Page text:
Parliament and Politics from 1603 to 1714
The English Parliament under the Stuart monarchs was at the centre of politics as never before. It established itself in practice as the ultimate political authority in the country. Its debates and actions of the period remain at the heart of British constitutional and legal ideas, and the English Civil War and Interregnum of 1642-60, the result of a bitter confrontation between the king and Parliament, is perhaps the most dramatic series of political events in British history. The English Parliament also became, in 1707, the British Parliament, after the formal union of England and Scotland created a new country.
Parliament became so firmly embedded in the state because it became clear that parliamentary taxation was the only practical and legal means to finance the rising costs of the English government. Like their predecessors in the middle ages, Members of Parliament vigorously defended the principle that only through parliamentary agreement might taxes be levied. The issue was at the heart of politics in the reigns of James I (1603-25) and Charles I (1625-49). It was Charles’s frustration with the way politicians tried to bargain with him before granting him taxation which made him push well beyond its legal limits his right to raise money without its approval, and ended up in an acrimonious confrontation with the House of Commons in the Parliament of 1628-9.
The most bitterly contested debates during much of the period, however, related to religion. It began with arguments over the nature and direction of the Church of England: whether it should move closer to the reformed Protestant churches of Europe, or whether it should remain a sort of hybrid, with features of both Catholic and reformed traditions. The debate was made worse by suspicions about the Stuart kings' interest in exacerbating the Catholic tendencies in the Church, and in concerns about the threat posed by continental Catholic powers to the Protestant movement.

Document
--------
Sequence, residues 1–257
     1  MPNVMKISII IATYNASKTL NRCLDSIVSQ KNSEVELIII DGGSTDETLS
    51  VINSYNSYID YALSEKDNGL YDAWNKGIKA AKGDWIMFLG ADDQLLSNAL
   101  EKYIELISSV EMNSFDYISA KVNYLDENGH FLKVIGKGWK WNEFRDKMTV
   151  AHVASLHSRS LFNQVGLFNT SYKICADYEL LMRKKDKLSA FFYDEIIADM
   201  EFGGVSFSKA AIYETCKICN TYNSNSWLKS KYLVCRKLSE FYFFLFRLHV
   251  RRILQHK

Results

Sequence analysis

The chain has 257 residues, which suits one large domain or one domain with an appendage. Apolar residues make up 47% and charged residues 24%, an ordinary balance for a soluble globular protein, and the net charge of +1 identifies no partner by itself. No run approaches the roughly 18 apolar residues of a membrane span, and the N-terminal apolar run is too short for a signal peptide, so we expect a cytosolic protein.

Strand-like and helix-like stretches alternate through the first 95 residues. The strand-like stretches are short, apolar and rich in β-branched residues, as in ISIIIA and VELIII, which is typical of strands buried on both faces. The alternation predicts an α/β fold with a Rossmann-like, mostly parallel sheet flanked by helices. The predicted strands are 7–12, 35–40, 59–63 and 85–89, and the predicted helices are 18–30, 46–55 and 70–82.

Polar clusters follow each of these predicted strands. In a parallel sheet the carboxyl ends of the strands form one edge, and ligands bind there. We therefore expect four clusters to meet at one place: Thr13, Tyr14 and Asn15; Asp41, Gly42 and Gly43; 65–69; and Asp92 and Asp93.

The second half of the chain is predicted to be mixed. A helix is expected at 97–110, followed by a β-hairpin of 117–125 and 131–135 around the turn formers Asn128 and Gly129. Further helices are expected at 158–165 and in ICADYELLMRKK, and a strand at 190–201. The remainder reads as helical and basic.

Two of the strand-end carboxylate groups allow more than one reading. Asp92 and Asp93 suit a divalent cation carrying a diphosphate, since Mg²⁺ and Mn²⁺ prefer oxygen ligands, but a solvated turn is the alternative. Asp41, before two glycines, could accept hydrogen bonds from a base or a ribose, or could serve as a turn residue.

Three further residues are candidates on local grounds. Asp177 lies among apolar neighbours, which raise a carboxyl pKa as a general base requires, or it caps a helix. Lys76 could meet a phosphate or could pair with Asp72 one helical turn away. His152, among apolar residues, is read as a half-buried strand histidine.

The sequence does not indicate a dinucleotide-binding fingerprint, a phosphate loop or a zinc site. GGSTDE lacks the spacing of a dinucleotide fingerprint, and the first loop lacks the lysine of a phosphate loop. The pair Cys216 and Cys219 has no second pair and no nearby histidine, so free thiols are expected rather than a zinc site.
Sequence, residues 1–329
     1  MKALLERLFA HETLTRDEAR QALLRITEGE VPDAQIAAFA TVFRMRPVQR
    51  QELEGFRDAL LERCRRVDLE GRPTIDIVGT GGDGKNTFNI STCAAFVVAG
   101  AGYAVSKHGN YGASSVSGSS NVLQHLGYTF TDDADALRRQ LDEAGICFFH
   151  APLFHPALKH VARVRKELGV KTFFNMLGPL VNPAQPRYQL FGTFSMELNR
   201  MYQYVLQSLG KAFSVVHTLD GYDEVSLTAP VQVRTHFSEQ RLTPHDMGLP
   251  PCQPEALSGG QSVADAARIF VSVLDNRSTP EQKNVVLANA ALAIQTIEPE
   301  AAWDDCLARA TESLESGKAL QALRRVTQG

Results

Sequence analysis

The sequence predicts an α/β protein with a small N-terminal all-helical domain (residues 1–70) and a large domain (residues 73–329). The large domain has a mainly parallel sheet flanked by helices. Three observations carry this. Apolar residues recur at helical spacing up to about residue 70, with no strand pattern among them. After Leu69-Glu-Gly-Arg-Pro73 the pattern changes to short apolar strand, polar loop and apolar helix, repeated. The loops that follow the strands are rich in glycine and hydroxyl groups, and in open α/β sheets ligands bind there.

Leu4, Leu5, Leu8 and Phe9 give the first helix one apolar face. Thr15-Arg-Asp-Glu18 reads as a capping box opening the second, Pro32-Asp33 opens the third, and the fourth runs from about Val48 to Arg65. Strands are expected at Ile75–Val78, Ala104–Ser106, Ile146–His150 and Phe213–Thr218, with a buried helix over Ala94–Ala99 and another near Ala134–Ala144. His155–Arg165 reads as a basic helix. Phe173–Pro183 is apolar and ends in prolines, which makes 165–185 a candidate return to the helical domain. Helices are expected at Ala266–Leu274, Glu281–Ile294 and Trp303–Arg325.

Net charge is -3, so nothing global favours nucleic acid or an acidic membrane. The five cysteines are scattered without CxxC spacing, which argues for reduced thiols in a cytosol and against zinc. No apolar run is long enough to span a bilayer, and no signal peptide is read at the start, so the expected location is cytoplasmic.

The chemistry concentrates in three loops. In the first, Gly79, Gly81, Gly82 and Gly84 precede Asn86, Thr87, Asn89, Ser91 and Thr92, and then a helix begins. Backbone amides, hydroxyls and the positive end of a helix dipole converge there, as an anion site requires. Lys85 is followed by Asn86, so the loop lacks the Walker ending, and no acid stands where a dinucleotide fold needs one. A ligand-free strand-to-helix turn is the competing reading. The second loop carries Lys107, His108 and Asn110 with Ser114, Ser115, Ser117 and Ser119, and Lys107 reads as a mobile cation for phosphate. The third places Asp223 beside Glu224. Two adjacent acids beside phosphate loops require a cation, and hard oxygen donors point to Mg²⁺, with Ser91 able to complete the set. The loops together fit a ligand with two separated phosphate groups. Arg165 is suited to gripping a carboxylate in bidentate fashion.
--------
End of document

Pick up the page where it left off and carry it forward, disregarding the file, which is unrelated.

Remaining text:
After the confrontation of 1628-9, Charles abandoned his efforts to negotiate with Parliaments for eleven years of ‘Personal Rule’. But a revolution in Scotland forced him to return to the English Parliament in 1640 to find the money to contest it, and revived, with interest, the confrontations of the 1620s. Within two years, the king and Parliament were at war, and by 1646 the king had been defeated.
A new power struggle ensued between Parliament and the army it had created. In part this was a religious struggle too, for Parliament’s strongest faction was ‘Presbyterian’, with views similar to those of their predecessors, the puritans. The army, though, was dominated by more radical views, in religion and politics. Gaining the upper hand in 1648, it removed the Presbyterians from Parliament. The purged Parliament put the king on trial and executed him in 1649. It instituted a new regime, a republic. But the army’s relationship with a still relatively conservative Parliament was never an easy one, and was ended by Oliver Cromwell’s military coup and assumption of power in April 1653, and his acceptance of the position of ‘Lord Protector’. Cromwell’s confrontations with the Parliaments he summoned, in an attempt to clothe his regime with legitimacy, echoed the Parliaments of his monarchical predecessors. After his death in 1658, the army divided and disintegrated. It opened the way to what was, by then, a hugely popular restoration of the monarchy in 1660 under Charles I’s son, Charles II.